Drug-Infested Neighborhood Targeted : Crime: More than 14 agencies will try to win the assistance of residents on Lanark Street in the Valley to dry up the narcotics trafficking.


The children of Lanark Street are afraid.

Afraid to run barefoot through Lanark Park because they might step on drug needles discarded in the grass. Afraid that dealers will ask them to stand sentry and look for police. Afraid that talking to a stranger could be viewed as snitching and bring retribution.

Police said that Lanark Street is the largest drug market in the West San Fernando Valley. Since 1988, more than 500 people have been arrested on the street and in Lanark Park--commonly known as Narc’s Park--on drug-related charges. Quick, drive-by drug deals are everyday occurrences, police said.

On Thursday, city officials announced a neighborhood improvement plan that they hope will allow the children who live in the low-income apartments that flank the 21700 to 21900 blocks of Lanark Street to feel as safe as those raised in the million-dollar estates a few streets away in West Hills.


More than 14 city and county agencies--including the Los Angeles Police Department, the Board of Public Works, the Rent Stabilization Board and the County Department of Health Services--will participate in the effort to eliminate drug traffic from the besieged neighborhood.

The goal is to restore community pride and build confidence in city government so that residents are willing to cooperate with authorities in the battle against drug trafficking.

On March 20, police and city officials will meet with community residents and ask them to serve as the “eyes and ears of law enforcement,” said Los Angeles Police Officer George Aguilar, who patrols the area.

Residents will be asked to write down the license plate numbers of passing cars that they suspect are involved in drug transactions and send the information anonymously to police. The police will then send letters to car owners, stating that the vehicle was spotted in a neighborhood known for drug dealing.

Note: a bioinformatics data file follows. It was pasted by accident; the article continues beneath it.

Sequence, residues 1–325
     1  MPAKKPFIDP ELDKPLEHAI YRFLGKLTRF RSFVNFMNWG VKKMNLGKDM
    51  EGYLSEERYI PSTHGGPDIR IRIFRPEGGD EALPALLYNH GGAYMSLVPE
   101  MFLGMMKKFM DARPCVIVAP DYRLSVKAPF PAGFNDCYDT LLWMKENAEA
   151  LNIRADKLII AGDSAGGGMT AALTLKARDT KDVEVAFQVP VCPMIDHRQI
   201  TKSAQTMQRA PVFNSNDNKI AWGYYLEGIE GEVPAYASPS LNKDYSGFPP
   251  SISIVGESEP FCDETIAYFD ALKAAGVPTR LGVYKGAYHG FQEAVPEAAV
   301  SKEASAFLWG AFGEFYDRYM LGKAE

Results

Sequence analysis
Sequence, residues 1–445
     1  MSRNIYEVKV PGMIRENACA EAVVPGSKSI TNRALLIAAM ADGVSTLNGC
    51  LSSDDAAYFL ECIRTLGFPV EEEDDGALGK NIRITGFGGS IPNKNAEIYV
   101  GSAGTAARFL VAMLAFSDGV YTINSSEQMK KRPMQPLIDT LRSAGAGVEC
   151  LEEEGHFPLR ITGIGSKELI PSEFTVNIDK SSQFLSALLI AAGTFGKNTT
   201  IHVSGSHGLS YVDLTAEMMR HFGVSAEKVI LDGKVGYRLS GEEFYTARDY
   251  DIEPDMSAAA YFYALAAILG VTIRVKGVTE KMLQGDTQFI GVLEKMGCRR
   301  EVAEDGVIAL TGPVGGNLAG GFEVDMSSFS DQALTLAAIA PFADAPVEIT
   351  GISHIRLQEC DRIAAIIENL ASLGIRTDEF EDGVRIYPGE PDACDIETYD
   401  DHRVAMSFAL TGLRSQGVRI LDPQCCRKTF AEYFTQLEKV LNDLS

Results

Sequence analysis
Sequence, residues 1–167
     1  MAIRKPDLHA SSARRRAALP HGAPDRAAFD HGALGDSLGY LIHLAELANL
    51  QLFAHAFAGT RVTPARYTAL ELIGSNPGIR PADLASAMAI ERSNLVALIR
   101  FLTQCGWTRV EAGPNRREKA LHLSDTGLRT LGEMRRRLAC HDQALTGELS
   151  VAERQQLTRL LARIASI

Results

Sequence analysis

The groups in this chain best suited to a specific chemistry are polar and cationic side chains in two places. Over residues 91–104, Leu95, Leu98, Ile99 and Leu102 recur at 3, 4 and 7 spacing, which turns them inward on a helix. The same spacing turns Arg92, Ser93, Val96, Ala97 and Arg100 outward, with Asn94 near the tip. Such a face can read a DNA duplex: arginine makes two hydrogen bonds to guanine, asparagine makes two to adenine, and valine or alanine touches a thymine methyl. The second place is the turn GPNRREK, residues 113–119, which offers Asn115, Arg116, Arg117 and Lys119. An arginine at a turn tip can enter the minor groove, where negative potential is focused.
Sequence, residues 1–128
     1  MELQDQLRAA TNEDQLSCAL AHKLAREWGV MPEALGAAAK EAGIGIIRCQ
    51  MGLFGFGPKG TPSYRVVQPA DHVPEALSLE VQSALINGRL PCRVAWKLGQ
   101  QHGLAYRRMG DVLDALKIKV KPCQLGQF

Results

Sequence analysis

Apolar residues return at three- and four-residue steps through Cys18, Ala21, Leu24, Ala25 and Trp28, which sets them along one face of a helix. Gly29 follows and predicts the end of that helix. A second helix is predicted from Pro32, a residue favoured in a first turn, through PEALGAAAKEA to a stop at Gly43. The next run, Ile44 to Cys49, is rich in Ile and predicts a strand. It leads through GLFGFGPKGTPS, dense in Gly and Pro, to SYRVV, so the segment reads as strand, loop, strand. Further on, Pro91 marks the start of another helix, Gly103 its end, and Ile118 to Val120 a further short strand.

Police said they believe the letters will deter drug buyers from driving to Lanark Street.

Aguilar said that most of the Lanark Street drug transactions involve small-time dealers, who sell to support their own rock cocaine habits, and casual drug users from outside the neighborhood.

In a recent reverse sting--targeting drug buyers rather than dealers--police arrested 25 people in several hours. All but two of those arrested were from affluent communities including Woodland Hills, Tarzana, Encino and Agoura Hills, police said at a press conference Thursday to announce the program.

As part of the revitalization effort, city agencies plan to work closely with property owners to revitalize apartment buildings, which are run-down and marked by graffiti. On Thursday, officials informed property owners and managers that they would be expected to bring their buildings into compliance with city building codes or face prosecution.

City Councilwoman Joy Picus, who represents the area, said the decay is “an invitation to criminals to ‘come on down here, nobody here cares.’ ” Improving the buildings, she said, will increase residents’ pride in their area and perhaps give them the courage to take a stand against the drug dealers.

Picus said that a similar effort was successful in the Oakwood neighborhood of Venice, and she said she has high hopes that it will prove as effective in Lanark Park.

But the problems of Lanark Street are deeply rooted and officials and residents alike concede that improvements will take time.

Most residents, many of whom are Latino immigrants, despair of ever stemming the tide of crime in the neighborhood, Aguilar said. And they fear calling the police.

Jose Munoz, a tool factory worker and father of three young children, said he welcomed the effort to rid the street of drug dealers, but said it will not be easy. He believes, however, that many residents in his building will cooperate with police.

On a recent weekday afternoon, a group of six boys at the park discussed life in their neighborhood. Although they are only 10 and 11 years old, the boys know the dealers’ tricks.

The boys said they commonly see drugs passed in a quick handshake. They watch as dealers hide chunks of rock cocaine in their mouths, to make it look like chewing gum. They have seen drug users shield a friend’s arm with their body so that a needle can be covertly injected. As the boys pour out their tales, a tough-looking teen-ager on a bicycle approaches. The children become visibly fearful. They leave the park in a hurry, looking backward as they flee.